Was it the wife, the drug dealer, or the man wanting to take over the victim’s business? Dela and Heath ask questions and work to prove her innocence. If she is found guilty not only will she lose her new life but she’ll never be able to solve the secret of her father.  

Universal Buy Link:

https://books2read.com/u/4D6Wa7

Getting Ready for Sumpter Flea!

The past seven years I’ve been attending the Sumpter Flea Market every Memorial and Labor Day weekend in a small town in NE Oregon with my author friend Mary Vine. She had been attending the event for several years before she invited me to join her. We both have books set in the area and enjoy visiting with one another as well as selling our books.

We started out with just a couple of tables, book stands, and a canopy for our spot. We now have a tent, more tables, and more book stands. We have also established ourselves there and have repeat readers coming back to see what we have new or to add to their book collections from us. It’s fun seeing these people. I remember their faces but have a heck of a time remembering their names.

Cracker Creek behind the cabin

When I first started attending, Mary and her husband owned a cabin at Bourne, a ghost town 6 miles beyond Sumpter up a bumpy gravel road. It would take me nearly 30 minutes to drive the 6 miles in my car. That and the beautiful scenery and usually pretty weather. At Bourne, I would stay in a one-room cabin with bunk beds, no plumbing or electricity. The best part was sitting on the tiny deck of the cabin watching and listening to Cracker Creek.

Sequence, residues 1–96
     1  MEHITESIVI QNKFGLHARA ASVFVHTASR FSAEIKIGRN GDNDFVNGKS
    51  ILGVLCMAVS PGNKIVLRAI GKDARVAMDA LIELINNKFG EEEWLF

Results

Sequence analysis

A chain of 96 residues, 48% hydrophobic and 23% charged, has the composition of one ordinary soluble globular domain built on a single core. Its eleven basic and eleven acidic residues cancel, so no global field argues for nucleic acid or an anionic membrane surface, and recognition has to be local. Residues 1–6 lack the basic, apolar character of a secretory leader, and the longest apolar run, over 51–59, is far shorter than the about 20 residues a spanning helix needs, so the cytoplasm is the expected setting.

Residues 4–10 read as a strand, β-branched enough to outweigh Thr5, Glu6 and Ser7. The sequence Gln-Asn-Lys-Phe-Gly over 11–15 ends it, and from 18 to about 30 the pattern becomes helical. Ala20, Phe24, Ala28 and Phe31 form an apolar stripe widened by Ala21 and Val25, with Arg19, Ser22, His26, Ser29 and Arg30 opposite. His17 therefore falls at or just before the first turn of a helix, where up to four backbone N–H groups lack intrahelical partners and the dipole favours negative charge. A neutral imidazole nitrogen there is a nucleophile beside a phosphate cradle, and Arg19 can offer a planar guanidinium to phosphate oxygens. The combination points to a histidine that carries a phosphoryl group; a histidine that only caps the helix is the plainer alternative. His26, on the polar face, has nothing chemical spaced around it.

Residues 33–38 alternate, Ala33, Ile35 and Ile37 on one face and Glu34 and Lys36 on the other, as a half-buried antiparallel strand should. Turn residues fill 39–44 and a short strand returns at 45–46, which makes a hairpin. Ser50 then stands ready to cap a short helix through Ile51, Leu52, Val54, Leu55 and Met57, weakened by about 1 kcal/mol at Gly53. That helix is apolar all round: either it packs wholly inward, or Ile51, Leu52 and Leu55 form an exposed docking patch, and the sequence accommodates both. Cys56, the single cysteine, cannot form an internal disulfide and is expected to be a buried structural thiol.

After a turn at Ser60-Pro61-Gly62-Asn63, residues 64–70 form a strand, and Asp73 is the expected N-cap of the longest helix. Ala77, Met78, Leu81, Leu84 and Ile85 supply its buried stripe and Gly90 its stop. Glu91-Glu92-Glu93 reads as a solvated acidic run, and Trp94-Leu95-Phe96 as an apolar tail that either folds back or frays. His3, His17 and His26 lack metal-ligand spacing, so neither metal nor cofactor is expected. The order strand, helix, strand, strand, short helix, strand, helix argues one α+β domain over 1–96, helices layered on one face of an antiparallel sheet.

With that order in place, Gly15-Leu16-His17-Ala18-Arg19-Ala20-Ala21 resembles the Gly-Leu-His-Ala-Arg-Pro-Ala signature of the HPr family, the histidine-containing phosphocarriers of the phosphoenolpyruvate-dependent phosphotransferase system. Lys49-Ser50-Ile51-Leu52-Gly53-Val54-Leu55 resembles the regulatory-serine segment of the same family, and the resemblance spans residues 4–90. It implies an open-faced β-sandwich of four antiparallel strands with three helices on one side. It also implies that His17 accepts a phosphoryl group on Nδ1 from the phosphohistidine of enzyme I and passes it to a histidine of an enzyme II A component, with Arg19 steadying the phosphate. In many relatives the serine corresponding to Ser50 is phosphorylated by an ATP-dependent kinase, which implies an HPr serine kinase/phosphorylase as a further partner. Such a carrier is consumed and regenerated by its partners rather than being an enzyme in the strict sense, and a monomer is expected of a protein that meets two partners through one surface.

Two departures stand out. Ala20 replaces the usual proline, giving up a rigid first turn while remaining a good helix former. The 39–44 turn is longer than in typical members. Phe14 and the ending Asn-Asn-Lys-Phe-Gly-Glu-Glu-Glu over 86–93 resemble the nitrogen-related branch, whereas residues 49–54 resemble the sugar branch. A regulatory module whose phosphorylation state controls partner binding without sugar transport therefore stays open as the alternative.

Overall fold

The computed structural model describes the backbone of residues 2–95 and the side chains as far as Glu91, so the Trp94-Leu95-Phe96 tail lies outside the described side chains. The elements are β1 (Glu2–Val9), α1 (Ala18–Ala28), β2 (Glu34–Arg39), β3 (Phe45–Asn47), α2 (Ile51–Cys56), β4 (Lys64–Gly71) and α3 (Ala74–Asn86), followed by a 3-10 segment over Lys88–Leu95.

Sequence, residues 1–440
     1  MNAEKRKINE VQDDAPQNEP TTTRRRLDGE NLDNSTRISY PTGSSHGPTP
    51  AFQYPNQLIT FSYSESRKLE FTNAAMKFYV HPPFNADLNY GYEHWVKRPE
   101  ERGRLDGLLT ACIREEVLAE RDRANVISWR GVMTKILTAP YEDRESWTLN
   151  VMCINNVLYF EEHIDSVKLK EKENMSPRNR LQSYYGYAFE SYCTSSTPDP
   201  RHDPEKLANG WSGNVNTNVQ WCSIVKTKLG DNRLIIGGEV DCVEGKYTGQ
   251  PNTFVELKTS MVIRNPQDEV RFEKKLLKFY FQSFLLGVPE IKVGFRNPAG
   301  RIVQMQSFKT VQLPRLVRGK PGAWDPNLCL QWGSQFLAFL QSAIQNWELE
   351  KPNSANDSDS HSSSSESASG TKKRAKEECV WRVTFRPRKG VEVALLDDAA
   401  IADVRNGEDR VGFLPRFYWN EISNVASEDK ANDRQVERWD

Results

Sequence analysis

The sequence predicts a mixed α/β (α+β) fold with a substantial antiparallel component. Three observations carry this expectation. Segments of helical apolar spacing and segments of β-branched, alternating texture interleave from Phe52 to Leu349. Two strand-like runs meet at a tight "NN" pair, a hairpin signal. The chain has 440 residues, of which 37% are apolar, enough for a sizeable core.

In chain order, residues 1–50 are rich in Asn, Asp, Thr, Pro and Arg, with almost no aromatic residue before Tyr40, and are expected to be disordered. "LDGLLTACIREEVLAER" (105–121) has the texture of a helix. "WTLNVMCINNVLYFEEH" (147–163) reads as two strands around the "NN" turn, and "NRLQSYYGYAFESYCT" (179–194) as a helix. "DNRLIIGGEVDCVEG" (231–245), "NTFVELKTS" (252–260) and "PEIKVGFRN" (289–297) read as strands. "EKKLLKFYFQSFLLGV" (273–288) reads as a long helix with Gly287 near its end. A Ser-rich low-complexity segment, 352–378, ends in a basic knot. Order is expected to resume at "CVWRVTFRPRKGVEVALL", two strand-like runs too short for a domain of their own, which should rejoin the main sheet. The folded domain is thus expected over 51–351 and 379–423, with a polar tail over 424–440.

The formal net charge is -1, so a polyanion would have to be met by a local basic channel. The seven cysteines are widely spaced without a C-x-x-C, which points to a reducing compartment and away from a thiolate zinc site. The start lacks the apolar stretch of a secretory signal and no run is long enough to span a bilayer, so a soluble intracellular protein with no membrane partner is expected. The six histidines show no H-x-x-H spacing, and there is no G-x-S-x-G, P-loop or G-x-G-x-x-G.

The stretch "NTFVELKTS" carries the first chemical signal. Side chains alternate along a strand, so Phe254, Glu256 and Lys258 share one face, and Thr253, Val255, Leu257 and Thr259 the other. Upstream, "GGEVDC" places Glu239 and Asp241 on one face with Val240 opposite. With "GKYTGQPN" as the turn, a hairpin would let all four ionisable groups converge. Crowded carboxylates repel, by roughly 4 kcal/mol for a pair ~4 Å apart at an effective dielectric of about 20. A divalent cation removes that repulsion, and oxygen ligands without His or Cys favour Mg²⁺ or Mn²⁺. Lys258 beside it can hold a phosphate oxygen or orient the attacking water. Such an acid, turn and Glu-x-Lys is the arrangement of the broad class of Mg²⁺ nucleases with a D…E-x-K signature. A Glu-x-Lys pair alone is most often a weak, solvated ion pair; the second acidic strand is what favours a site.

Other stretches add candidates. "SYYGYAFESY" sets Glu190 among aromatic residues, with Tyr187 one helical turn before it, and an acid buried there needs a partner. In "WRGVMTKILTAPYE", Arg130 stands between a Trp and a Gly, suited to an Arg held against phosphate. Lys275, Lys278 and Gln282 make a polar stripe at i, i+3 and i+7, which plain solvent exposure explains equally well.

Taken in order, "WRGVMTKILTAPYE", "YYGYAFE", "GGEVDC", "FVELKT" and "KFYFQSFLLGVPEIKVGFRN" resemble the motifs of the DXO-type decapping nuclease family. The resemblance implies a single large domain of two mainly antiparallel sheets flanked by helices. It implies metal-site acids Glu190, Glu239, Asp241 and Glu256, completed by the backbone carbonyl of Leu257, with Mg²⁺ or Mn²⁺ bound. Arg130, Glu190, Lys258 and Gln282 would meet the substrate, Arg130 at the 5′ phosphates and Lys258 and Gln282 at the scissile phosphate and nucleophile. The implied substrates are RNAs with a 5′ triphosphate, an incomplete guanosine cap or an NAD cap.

I would take my dog, Tink, for company. We’d go for walks or when I wrote she’d sleep on one of the beds. There were sometimes several families staying at their cabins while I was there and sometimes there would only be a couple of families. A couple of times I’d wake up to it snowing or having snowed during the night.

Bourne one of the snowy mornings.

Mary said some people who have stayed up at Bourne have heard saloon music during the night. And others said they heard children playing. I didn’t hear either. I enjoyed my stays in Bourne, but Mary and her husband sold the cabin and now I Airbnb in Baker City.

I make book bags for each weekend. All during the year I either sew on quilts for grandkids or I sew book bags. These are bags that I give away with each book sale. It makes it easier for the buyer to carry their purchases. One time I had a woman show up at our booth saying she saw one of my bags and it reminded her she had to come get the next book in a series from me. So they do work!